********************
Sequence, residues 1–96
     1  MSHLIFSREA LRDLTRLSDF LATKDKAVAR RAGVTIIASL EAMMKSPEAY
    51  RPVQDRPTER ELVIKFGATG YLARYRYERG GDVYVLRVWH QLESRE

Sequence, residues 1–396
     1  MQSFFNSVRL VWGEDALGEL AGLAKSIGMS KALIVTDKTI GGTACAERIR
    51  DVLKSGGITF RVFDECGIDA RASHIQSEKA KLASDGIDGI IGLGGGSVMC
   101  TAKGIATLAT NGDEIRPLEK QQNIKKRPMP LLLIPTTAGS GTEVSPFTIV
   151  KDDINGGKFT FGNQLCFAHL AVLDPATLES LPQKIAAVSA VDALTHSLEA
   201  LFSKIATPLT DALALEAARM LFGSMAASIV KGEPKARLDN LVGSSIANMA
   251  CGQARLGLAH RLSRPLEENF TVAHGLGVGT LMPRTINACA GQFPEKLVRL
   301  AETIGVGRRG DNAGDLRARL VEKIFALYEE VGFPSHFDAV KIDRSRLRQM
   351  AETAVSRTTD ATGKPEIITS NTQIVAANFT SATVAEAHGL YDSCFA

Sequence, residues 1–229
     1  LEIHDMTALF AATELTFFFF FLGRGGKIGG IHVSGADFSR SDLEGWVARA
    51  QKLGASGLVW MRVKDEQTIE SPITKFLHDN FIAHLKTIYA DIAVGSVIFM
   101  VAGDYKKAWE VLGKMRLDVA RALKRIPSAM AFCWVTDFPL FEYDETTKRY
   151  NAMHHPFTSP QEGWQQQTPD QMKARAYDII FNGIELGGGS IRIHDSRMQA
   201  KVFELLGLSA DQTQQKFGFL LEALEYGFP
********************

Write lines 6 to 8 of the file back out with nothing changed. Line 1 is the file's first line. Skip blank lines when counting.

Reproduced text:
    51  DVLKSGGITF RVFDECGIDA RASHIQSEKA KLASDGIDGI IGLGGGSVMC
   101  TAKGIATLAT NGDEIRPLEK QQNIKKRPMP LLLIPTTAGS GTEVSPFTIV
   151  KDDINGGKFT FGNQLCFAHL AVLDPATLES LPQKIAAVSA VDALTHSLEA